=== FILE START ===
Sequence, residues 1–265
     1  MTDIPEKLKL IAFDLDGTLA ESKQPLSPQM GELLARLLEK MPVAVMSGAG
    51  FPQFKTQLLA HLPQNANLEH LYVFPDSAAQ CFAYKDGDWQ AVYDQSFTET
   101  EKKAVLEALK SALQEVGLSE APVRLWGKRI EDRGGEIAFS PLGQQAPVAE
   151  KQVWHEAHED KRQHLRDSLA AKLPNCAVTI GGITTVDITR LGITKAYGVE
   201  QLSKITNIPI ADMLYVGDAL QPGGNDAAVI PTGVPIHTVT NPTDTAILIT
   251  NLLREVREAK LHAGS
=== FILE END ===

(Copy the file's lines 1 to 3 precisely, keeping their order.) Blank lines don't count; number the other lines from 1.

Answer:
Sequence, residues 1–265
     1  MTDIPEKLKL IAFDLDGTLA ESKQPLSPQM GELLARLLEK MPVAVMSGAG
    51  FPQFKTQLLA HLPQNANLEH LYVFPDSAAQ CFAYKDGDWQ AVYDQSFTET